Pandora Invades Cars With User Profiles In Hand
(UPDATED) Early next year, Ford will be shipping Feista cars that are capable of running Pandora. Drivers will be able to call out their favorite radio station by name. The company is looking to gain a foothold in the drive-time radio market and attract bigger, more lucrative advertising opportunities. Rather than being hammered with advertising for life insurance companies and bars trying to lure them into happy hour, listeners might be greeted with ads from Miller Light or Hallmark. The difference is that the beer companies will actually be hitting their "of-age" market and Hallmark can target fathers on Father's Day. How?
Since Pandora has information on their users such as age, gender, and zip code - as well as musical taste - they are capable of reaching audiences with relevant ads. Because of this, DeVry and Whole Foods are looking to get onboard with Pandora. If successful, Pandora has the potential to bring ads to commuters that might be interested in hearing them. As opposed to the traditional radio model, where almost no one wants to hear the ads; they change the station.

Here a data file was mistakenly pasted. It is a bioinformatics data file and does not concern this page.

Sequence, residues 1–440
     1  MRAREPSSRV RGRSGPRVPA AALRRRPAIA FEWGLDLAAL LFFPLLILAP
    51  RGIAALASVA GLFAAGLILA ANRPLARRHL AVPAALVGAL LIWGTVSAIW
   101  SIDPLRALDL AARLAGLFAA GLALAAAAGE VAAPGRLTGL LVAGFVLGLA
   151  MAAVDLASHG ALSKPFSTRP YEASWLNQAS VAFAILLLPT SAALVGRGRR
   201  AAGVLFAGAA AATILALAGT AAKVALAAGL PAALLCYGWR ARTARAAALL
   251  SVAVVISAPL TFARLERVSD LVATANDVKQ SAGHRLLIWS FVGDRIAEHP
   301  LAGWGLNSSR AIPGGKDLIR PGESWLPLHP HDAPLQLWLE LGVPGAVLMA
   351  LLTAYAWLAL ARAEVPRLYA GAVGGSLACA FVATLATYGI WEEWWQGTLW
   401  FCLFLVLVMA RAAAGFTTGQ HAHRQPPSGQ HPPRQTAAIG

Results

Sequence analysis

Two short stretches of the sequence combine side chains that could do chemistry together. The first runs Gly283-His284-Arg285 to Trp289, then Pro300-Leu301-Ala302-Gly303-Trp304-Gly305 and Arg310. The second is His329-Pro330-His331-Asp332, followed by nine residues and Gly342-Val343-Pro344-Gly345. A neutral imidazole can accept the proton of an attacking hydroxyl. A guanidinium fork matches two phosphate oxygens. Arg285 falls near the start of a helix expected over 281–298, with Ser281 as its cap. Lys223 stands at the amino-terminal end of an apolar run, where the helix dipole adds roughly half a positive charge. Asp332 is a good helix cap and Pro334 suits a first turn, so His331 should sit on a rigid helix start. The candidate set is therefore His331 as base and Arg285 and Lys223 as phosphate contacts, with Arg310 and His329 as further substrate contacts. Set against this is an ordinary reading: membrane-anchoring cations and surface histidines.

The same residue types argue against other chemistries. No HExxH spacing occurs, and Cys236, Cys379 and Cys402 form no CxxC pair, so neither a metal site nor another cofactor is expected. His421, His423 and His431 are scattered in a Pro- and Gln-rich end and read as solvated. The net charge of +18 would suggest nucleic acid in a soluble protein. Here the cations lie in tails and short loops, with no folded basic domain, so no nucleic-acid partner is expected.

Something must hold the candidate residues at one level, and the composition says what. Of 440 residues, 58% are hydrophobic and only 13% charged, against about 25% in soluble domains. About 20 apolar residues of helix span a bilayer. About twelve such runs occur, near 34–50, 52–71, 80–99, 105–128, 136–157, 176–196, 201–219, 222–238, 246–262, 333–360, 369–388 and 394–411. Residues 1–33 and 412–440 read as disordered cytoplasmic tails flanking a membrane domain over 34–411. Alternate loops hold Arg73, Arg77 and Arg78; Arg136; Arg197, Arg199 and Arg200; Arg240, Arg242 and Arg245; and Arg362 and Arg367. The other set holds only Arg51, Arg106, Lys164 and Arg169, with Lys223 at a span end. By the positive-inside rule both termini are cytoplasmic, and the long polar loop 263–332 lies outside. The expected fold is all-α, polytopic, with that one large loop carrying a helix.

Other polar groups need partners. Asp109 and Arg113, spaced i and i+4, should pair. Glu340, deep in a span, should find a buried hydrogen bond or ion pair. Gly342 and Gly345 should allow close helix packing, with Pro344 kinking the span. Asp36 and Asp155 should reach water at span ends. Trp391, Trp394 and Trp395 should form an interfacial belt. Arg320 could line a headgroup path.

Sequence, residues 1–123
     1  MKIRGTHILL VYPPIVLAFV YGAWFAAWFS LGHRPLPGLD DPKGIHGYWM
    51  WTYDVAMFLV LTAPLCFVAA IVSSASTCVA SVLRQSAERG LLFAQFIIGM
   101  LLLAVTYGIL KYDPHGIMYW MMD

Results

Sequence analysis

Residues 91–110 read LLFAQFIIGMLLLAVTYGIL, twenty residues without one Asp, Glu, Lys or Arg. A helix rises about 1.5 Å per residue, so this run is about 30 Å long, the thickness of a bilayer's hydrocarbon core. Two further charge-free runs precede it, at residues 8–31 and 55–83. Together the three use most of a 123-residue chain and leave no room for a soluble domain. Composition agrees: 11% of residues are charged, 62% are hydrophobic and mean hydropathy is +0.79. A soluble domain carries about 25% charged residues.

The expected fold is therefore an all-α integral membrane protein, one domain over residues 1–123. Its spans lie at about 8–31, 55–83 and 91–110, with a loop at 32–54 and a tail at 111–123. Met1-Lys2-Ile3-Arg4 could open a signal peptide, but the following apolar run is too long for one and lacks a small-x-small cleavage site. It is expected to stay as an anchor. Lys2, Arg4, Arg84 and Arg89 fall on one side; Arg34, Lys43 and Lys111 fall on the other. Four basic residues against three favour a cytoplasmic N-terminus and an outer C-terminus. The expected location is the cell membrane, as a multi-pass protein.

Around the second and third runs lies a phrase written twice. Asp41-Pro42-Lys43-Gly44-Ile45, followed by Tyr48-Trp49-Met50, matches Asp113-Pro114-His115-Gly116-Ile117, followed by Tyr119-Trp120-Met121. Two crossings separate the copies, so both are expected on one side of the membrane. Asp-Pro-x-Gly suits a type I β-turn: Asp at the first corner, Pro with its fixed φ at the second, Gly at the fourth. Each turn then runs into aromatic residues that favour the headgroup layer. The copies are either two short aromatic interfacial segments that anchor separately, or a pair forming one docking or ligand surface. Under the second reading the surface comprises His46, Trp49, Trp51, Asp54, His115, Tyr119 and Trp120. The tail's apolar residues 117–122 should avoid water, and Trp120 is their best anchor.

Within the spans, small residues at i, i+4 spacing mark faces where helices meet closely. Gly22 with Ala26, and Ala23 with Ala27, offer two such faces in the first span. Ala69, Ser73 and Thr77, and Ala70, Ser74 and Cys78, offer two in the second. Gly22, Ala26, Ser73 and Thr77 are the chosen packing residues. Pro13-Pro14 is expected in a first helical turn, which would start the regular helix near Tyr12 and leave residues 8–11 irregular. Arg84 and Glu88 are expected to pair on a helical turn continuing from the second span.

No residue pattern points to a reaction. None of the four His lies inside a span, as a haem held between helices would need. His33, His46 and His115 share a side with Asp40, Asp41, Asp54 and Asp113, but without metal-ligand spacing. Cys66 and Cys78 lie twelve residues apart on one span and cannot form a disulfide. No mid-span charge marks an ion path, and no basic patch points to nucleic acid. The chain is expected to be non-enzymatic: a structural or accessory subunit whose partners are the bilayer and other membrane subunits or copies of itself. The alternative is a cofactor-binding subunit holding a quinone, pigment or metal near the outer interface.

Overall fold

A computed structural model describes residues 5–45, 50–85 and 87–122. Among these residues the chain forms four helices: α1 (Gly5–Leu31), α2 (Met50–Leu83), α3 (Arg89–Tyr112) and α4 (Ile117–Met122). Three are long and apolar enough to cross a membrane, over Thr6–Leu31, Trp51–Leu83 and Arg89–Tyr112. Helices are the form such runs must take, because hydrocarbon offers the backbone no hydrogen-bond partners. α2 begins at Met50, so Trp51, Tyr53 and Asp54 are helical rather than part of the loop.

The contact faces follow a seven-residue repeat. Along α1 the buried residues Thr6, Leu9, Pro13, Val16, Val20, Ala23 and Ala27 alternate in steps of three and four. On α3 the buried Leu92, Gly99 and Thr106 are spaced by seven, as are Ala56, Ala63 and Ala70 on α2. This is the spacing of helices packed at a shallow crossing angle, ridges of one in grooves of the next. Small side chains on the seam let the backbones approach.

However, there are a number of barriers in the way before Pandora will be able to challenge radio in a substantial way. They also aren't the only net radio company in the space. Though it may be a decade before I'm able to call out my favorite stations in any car that I drive; it will be interesting to see how this unfolds.
Can we get government mandated Pandora receivers in cars?
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